4. After dough arising, tear off handful sized balls from the dough.
5. Make it round shape and fill it with sweet mixture.
   (brown sugar, honey, chopped peanuts, and cinnamon.)
6. Place the filled dough on a greased griddle.
7. Press it flat with a circle shaped metal spatula.
8. When one side cooked, turn it over and fry another side.
9. After both sides fully browned, let it off the pan.
10. Serve when it’s hot.

<Good News>

In supermarkets or discount stores, You can buy ready-made dry hotteok mix with a filling of brown sugar and ground peanuts or sesame seeds. Easy and Fast!


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A Restaurant : Angler food, Boksun Agujjim : in Busan, Korea


Boksun Agujjim ★★☆
복순 아구찜

Food : ★★★ Fantastic
Atmosphere:★★☆ Enjoyable
Service : ★☆☆ Fair

Korean Food / Casual Dining

Boksun Agujjim is a good restaurant hidden in Busan. Only locals know it. It serves few menus using a angler; Steamed angler(아구수육/Agu Suyuk), Braised spicy angler (아구찜/Agu jjim/) Angler soup(아구탕/Agu tang). A number of customers visit here everyday. It doesn’t operate direct marketing; no homepage, no franchise. It, as a single restaurant, achieved its fame only through words of mouth. Now, you can imagine the taste of food here.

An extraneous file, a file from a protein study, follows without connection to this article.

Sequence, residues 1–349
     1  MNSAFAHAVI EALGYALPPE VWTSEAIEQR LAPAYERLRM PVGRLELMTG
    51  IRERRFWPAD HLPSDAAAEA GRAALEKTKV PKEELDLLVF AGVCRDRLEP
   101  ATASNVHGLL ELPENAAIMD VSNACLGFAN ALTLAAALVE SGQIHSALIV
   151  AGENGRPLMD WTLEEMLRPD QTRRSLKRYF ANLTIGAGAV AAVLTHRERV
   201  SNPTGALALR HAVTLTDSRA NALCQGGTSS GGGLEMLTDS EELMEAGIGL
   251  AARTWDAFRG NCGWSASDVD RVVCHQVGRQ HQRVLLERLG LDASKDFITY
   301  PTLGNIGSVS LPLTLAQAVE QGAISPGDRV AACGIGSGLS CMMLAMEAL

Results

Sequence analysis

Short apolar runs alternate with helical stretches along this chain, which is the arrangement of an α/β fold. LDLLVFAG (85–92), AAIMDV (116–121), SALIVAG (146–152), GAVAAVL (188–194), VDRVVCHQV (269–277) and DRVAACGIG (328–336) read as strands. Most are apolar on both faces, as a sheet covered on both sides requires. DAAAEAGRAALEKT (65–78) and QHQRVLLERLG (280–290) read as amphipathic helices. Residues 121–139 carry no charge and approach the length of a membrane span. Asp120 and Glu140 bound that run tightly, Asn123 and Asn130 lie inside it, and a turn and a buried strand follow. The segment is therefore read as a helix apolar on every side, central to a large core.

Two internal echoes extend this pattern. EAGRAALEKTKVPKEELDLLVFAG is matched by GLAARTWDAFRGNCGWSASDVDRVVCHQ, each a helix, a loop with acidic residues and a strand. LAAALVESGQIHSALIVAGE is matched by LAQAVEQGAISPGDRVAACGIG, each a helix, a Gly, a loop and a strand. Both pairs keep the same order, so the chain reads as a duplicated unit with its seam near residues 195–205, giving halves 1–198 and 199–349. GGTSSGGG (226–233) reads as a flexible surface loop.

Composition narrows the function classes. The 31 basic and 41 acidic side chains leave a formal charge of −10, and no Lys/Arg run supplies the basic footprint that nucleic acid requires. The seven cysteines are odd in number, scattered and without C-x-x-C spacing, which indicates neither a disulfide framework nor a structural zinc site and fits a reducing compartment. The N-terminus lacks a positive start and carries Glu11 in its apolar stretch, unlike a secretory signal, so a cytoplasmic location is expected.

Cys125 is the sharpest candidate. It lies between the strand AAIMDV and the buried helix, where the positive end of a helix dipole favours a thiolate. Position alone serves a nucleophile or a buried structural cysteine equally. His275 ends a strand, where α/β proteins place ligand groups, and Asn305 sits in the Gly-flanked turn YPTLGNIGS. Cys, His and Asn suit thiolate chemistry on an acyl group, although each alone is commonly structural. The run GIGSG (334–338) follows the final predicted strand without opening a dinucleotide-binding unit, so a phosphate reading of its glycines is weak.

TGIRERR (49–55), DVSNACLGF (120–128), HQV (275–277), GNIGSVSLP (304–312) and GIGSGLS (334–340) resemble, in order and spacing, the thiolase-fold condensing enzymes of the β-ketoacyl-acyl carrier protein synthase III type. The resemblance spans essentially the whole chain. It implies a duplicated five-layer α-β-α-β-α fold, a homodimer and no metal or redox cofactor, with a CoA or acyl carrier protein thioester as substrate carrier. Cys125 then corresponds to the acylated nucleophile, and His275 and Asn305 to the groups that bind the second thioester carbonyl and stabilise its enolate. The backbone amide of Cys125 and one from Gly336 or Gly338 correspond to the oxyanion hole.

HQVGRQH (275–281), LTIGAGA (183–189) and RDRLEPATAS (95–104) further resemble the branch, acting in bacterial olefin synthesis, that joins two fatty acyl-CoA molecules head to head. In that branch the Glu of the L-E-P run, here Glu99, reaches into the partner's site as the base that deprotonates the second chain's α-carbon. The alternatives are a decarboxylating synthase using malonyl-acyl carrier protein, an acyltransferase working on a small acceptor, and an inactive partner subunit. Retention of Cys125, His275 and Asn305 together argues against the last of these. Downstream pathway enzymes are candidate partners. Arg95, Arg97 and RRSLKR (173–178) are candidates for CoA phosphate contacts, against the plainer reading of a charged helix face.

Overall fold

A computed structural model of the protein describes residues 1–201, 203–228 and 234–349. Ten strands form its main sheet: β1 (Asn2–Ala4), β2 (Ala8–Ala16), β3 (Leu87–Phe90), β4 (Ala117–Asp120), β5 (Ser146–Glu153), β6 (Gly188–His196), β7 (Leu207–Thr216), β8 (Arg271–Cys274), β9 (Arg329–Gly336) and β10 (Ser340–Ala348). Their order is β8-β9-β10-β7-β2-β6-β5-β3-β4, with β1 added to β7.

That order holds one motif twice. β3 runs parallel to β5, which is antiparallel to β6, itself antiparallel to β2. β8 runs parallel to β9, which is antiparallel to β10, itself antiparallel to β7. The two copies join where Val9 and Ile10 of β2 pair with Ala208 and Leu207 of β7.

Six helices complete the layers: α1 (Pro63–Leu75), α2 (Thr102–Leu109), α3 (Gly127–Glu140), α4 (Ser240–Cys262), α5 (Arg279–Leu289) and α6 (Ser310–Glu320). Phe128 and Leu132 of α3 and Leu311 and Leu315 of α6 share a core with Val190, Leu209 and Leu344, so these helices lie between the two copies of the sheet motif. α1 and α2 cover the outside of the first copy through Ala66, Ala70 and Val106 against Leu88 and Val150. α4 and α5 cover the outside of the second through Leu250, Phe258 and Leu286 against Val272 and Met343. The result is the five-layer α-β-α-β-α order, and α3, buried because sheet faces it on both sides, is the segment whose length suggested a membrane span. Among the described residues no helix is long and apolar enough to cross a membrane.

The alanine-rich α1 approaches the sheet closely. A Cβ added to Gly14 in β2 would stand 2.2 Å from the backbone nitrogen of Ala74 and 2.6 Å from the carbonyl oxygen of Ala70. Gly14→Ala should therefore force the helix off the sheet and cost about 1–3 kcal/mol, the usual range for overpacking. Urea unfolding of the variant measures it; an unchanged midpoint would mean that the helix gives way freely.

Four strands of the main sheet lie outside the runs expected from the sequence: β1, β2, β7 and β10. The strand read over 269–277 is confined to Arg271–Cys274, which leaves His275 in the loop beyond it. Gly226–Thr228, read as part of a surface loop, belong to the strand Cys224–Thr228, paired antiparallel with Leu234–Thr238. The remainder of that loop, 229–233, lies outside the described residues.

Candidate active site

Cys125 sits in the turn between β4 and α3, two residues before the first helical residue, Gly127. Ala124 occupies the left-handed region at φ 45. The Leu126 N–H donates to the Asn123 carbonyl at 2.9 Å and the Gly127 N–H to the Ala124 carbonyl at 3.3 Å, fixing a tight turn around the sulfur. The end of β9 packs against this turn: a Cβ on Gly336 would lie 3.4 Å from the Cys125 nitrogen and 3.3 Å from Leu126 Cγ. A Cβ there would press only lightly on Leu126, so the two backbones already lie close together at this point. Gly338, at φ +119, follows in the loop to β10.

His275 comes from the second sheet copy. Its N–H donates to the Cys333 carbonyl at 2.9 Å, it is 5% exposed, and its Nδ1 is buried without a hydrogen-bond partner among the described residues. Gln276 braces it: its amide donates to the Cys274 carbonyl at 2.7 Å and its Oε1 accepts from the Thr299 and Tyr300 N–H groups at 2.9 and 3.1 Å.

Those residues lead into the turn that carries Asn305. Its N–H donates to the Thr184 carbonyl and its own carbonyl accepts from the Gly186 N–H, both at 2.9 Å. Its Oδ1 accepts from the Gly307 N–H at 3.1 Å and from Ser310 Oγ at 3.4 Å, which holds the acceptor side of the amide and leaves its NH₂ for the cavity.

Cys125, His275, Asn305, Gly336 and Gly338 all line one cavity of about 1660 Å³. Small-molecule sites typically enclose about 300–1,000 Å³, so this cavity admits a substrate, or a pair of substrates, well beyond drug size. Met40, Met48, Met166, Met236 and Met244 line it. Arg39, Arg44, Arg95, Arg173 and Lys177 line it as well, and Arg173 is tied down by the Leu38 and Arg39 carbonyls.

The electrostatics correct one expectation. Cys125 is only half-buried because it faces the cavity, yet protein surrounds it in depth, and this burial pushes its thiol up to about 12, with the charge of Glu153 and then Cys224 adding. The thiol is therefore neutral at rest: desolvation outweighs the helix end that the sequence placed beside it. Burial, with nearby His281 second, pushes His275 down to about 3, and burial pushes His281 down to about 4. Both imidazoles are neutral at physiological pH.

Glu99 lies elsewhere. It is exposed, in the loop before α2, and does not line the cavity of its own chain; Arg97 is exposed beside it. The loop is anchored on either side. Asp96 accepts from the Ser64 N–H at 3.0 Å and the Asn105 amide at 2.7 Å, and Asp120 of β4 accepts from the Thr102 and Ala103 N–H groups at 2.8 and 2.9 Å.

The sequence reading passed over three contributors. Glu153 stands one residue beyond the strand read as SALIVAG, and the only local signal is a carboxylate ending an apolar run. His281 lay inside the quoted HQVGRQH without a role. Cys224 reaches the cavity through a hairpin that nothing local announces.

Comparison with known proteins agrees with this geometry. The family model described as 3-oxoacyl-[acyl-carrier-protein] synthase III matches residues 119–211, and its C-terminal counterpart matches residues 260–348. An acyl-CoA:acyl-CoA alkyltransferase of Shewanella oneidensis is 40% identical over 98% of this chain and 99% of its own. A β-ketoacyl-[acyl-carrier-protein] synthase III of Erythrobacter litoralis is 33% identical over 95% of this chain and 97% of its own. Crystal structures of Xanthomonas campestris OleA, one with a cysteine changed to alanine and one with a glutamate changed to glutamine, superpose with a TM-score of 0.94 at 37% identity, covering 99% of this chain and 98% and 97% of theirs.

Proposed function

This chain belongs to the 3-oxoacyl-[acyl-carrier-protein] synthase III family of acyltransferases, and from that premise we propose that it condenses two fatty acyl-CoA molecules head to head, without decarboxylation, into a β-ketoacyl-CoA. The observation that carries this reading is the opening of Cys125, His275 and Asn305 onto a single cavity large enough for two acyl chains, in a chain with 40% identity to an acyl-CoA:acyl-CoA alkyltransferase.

The restaurant is a modified building of a normal Korean house. I feel as if I visited Korean friend’s house. As led by the staff, an middle aged man, I go into one room of three. There’s no chair seat, so I have to sit on the floor around the table.

I wait for the menu served, but they don’t have any paper based menu. I look upon the wall to find the menu. Sadly it's written only in Korean. I order Agujjim, the signature dish of this restaurant. For two of us, I order Agujjim Small adding a potato noodle and a bowl of rice. I drink a bowl of rice water 슝늉. I wait and look around. There are 4 tables full of people in the room, and most of them are family units. They look fairly old enough to afford the budget of Agujjim. (It’s a bit expensive for Korean youngsters)